We employ some 5,500 people worldwide. And while they may all join us with very different skills and backgrounds, they have much in common. They’re eager to contribute – be that a fresh insight, a novel idea or a well-thought-through plan; they love pulling together as a team; and they care deeply about the patients we serve. What’s more, they’re determined to develop themselves as well as our business. Have a look at the routes the careers of just a few of them have taken.



Focus Factory Manager
St. Louis Plant
12 Years

When I was studying for my Chemistry degree, it never occurred to me that management in pharmaceutical manufacturing would be the career path I'd take. I've met a lot of great people here who've given me the chance to develop professionally and personally down a path I never envisioned for myself. Essentially I've grown up in this company and discovered leadership qualities in myself I didn't realize I had. My goal as a manager is to guide my current employees in the same way my managers and supervisors guided me.

“I’m looking forward to the new opportunities that our independence will bring. There could even be another undiscovered career path out there in the business for me.”

2012 - Present Current Position 

Focus Factory Manager

In my last year as a Production Supervisor, my manager took on extra responsibilities in another department. So I managed the day-to-day running of the Peptide department while he focused his attention on rebuilding the new department. I immersed myself in the business side of things and worked with functional groups I’d never worked with before. When the role of Focus Factory Manager for the department came up, I felt more than ready for it.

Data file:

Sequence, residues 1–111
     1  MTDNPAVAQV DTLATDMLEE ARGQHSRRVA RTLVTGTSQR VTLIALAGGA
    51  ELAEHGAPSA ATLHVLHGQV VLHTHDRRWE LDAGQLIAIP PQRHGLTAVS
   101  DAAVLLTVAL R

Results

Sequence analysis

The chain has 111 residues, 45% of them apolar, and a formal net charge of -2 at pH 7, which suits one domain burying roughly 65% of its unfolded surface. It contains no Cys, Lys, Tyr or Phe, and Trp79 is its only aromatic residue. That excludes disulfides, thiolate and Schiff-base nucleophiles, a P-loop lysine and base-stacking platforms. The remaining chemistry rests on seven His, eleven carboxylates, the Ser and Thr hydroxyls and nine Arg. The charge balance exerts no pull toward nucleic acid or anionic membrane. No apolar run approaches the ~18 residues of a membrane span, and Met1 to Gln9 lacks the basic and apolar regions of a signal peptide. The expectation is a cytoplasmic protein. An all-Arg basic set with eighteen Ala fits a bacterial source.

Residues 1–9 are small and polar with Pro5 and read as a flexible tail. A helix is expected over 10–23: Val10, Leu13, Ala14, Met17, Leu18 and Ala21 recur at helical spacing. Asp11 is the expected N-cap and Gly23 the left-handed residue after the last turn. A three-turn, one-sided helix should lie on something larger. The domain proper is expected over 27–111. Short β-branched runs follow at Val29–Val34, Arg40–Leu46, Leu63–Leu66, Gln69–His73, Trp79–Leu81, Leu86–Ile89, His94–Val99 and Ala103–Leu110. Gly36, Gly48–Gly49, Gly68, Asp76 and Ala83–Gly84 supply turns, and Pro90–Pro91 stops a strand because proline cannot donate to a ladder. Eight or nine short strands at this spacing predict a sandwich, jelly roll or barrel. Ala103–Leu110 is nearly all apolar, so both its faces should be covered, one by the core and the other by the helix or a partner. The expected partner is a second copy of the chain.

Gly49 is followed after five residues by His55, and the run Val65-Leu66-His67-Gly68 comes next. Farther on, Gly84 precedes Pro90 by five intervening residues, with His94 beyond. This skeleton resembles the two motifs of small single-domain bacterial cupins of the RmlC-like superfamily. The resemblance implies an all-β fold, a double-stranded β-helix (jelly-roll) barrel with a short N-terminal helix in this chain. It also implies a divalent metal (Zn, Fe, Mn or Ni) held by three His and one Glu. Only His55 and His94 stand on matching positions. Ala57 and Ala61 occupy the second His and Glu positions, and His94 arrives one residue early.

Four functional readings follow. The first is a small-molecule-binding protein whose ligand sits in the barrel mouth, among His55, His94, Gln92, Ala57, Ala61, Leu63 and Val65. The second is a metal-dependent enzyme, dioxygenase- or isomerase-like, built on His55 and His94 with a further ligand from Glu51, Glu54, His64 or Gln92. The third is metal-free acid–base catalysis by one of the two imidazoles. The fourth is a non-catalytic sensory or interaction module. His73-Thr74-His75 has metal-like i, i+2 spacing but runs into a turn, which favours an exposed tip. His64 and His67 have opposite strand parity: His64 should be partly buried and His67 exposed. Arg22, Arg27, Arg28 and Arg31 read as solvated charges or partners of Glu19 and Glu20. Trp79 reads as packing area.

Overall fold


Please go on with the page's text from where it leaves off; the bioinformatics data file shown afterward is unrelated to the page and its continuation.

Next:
2008 - 2012Previous Position 

Production Supervisor

When the department went to a 24/7 schedule I was promoted to Production Supervisor. As well as helping my direct reports develop, I began learning the business of running the department which meant getting to grips with long-term production planning, scheduling, raw material supply and departmental budget and spend. I also learned how to investigate safety, environmental and quality issues, and prevent repeat incidents.

My time on the floor as a Technician and Senior Technician really helped me in my later roles. It gave me a technical understanding of the manufacturing process which made learning the business and managerial side of things easier. Just as important, I know what the members of my team are going through, what information will help them do their job better, and what will motivate them to make the department – and themselves – more successful.

2006 - 2008Previous Position 

Senior Technician

I began developing my leadership skills in this role. I ran the shift change meetings and assigned daily tasks to the other technicians in the group. I also supervised on/off shift hours. The more responsibility I took for project work, the more my interactions with engineers and supervisors increased.

2005 - 2006Previous Position 

Chemical Technician

In this role I learned the basics of work in a pharmaceutical pilot plant – from quality, safety, and environmental and regulatory requirements to manufacturing API products.